I just validated my actual XHTML Strict 1.0 doc with the w3c validator service.. and it says that,

<ul id="socialnetwork">
            <li><a href="http://www.twitter.com" target="_blank"></a></li>
            <li><a href="http://www.flickr.com" target="_blank"></a></li>
            <li><a href="http://www.xing.com" target="_blank"></a></li>
            <li><a href="http://www.rss.com" target="_blank"></a></li>

the target="_blank" is not valid.. but I need the target blank so a new tab will open in the browser, so that the user does not leave the main page.

What can I do? Why is this not valid?


8 Answers 8


You might want to check out the W3 Frequently Asked Questions: http://www.w3.org/MarkUp/2004/xhtml-faq#target

Why was the target attribute removed from XHTML 1.1?

It wasn't. XHTML 1.0 comes in three versions: strict, transitional, and frameset. All three of these were deliberately kept as close as possible to HTML 4.01 as XML would allow. XHTML 1.1 is an updated version of XHTML 1.0 strict, and no version of HTML strict has ever included the target attribute. The other two versions, transitional and frameset, were not updated, because there was nothing to update. If you want to use the target attribute, use XHTML 1.0 transitional.

  • Okay then I've to drop Strict.. now its time for transitional.
    – Tomkay
    Jan 12, 2011 at 8:26
  • 5
    How do you open a link in a new tab without the target attribute, and without JavaScript, in this scenario?
    – zoplonix
    Sep 16, 2013 at 19:26
  • Please do not try to remove good useful answers like that. Even if you are done with SO, they still benefit others.
    – user743382
    Jun 7, 2014 at 0:34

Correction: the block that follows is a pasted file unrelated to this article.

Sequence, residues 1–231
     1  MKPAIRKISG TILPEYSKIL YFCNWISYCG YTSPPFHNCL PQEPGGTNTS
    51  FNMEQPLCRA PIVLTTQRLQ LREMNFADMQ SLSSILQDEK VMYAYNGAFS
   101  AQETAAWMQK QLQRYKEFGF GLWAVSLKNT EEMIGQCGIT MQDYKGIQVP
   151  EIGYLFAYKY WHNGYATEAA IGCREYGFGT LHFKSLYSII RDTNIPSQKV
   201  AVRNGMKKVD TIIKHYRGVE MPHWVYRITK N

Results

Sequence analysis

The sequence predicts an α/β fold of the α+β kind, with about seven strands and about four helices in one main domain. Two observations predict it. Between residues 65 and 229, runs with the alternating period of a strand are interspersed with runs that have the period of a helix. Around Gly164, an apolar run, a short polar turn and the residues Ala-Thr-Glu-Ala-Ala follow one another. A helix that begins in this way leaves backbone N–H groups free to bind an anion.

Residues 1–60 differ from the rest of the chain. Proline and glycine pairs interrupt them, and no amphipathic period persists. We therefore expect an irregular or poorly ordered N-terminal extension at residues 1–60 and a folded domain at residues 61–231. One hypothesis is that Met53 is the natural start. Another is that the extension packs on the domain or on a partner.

The question you should be asking yourself is not how to "circumvent" the restriction of Strict but why you want to use XHTML Strict 1.0 in the first place?

In your case I would simple use Transitional as the DTD. Unless of course you are developing for a specific operating system that for instance doesn't allow multiple windows to be opened for instance in a car systems, an IOT, or more exotic appliances. Which is btw the reason why target is absent in the HTML Strict. Strict being deliberately restrictive.

But as you seem to develop for "normal" use, your doc type should reflect that and you should be using:

<!DOCTYPE html> 

also see why was target removed from xhtml cheers J


I suggest not adding in the target attribute. It was dropped due to accessibility reasons, and I dislike it when the page decides for me how my browser tags open. Of course, you are free to do so, if you wish to. I will show you a JavaScript method that Darin mentioned above that allows you to validate as XHTML 1.0 Strict or XHTML 1.1:

HTML code:

<!-- Added link titles for better testing purposes -->
<ul id="socialnetwork">
    <li><a href="http://www.twitter.com/" class="targetblank">Twitter</a></li>
    <li><a href="http://www.flickr.com/" class="targetblank">Flickr</a></li>
    <li><a href="http://www.xing.com/" class="targetblank">XING</a></li>